People’s United Bank v. B & B Fire Protection, Inc., 94 Mass.App.Ct. 626 (2019)
Guaranty executed with apparent, but not actual, authority was enforceable in a situation when the guarantor’s owner failed to
repudiate the guaranty upon learning of it, and instead drained the guarantor’s assets.
Plaintiff People’s United Bank (the “Lender”) brought a collection against B&B Fire Protection, Inc. (the “Guarantor”) of two loans defaulted by EAB Elevator, Inc. and Barnes International LLC (collectively, the “Borrowers”). The Guarantor argued that it never properly authorized the guaranty of the loans, so it was not responsible for the debt obligations of the Borrowers.
Daniel Berry (“Owner 1”) and Andrew Barnes (“Owner 2”) each owned 49% and 51% of the Guarantor, respectively. In May 2013, Lender loaned $100,000 to the Borrowers, which were wholly-owned by Owner 2. At the time, Owner 1 made no objection to the Guarantor’s execution of a guaranty to support the Borrowers’ loan obligations. A few months later, following a disagreement between the two owners, Owner 1 quit his job with the Guarantor but retained his ownership stake in the company. Then, in December 2013, the Lender extended two additional loans to the Borrowers, once again supported by a separate guaranty signed by the general counsel of the Guarantor, pursuant to a power of attorney executed by Owner 2.
Owner 1 only learned about the new loans and the guaranty after purchasing Owner 2’s stake in the Guarantor. Upon hearing this news, Owner 1 immediately asked the Lender to cease disbursements on the letter of credit established by the loans, but never raising the issue of the new loans or guaranty in any subsequent conversation with bank officials. Owner 1 instead created a new company to take over the operations and assets of the Guarantor, including its outstanding accounts receivables which were later used to finance the new company. The Guarantor eventually went out of business.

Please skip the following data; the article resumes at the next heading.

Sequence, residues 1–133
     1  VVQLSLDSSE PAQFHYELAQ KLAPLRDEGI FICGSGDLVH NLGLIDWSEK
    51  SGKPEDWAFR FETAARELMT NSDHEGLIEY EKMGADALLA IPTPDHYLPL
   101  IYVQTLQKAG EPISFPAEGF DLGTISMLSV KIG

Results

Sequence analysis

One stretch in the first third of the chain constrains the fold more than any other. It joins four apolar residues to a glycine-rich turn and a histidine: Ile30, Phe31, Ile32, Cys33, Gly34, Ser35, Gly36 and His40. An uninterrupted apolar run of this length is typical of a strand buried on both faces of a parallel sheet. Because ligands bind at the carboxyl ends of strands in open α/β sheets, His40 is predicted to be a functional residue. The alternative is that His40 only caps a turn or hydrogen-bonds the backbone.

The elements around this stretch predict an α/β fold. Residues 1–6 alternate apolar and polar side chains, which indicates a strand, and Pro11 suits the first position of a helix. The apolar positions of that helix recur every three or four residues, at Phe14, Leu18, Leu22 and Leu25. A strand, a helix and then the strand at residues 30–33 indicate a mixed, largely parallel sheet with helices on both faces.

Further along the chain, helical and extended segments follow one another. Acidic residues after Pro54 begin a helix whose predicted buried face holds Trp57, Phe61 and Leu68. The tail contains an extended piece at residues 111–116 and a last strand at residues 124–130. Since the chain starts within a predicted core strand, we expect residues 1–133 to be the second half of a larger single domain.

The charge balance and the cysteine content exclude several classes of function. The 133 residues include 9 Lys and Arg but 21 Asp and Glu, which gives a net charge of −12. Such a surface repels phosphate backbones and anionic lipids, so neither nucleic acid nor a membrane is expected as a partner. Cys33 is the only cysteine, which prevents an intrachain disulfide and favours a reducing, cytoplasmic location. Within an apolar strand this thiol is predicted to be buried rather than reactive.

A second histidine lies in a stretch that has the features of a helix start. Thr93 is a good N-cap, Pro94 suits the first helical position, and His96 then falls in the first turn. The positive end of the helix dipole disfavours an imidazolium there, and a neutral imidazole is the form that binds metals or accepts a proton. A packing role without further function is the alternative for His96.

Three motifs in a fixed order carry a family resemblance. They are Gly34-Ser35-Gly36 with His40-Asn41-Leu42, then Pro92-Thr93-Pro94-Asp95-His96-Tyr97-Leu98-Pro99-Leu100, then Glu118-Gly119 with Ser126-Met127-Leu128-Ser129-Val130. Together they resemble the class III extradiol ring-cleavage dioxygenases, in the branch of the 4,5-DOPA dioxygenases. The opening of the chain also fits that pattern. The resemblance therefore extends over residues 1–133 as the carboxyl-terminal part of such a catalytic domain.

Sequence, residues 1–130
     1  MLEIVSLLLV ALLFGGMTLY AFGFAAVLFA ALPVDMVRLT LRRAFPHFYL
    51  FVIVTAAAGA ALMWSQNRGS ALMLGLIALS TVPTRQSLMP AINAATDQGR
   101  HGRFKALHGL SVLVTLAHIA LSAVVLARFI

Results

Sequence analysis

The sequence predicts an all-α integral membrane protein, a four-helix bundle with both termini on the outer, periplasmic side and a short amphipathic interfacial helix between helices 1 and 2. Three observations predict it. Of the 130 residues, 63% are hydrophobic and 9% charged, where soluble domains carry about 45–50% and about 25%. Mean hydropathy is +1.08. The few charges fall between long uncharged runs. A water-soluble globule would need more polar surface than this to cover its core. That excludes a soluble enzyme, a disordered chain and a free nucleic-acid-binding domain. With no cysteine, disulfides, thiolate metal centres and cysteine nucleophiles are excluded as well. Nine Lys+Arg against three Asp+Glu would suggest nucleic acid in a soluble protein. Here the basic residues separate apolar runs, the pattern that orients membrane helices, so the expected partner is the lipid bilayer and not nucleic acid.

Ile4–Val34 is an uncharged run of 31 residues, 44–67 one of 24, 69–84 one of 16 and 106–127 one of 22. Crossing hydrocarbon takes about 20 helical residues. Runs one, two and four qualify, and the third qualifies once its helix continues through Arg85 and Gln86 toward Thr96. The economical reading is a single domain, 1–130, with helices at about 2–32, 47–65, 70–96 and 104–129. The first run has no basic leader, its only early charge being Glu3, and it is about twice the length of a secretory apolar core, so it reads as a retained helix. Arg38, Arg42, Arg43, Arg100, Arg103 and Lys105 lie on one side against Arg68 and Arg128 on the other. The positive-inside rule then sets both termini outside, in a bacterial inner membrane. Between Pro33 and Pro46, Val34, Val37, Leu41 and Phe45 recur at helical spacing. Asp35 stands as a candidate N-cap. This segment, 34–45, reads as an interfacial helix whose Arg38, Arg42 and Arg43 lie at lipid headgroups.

The court rejected the Guarantor’s argument that Owner 2’s directing the Guarantor to enter into the guaranty without Owner 1’s knowledge or consent negated Owner 2’s power to authorize the guaranty on his own. Moreover, the court reasoned that, as a matter of law, a company can in fact ratify an existing unauthorized agreement by its failure to act. For example, in this case, the Guarantor, acting with apparent authority, ratified the guaranty as soon as Owner 1 learned about the existence of the guaranty and failed to immediately repudiate the agreement. Ultimately, the court held that, even if the guaranty was voidable at the point Owner 1 learned about the agreement, Owner 1 did nothing to exercise that right but instead formed a new company using the Guarantor’s asset and deprived the Lender of an opportunity to protect its investment. Accordingly, the court affirmed the prior court’s judgment in favor of the Lender.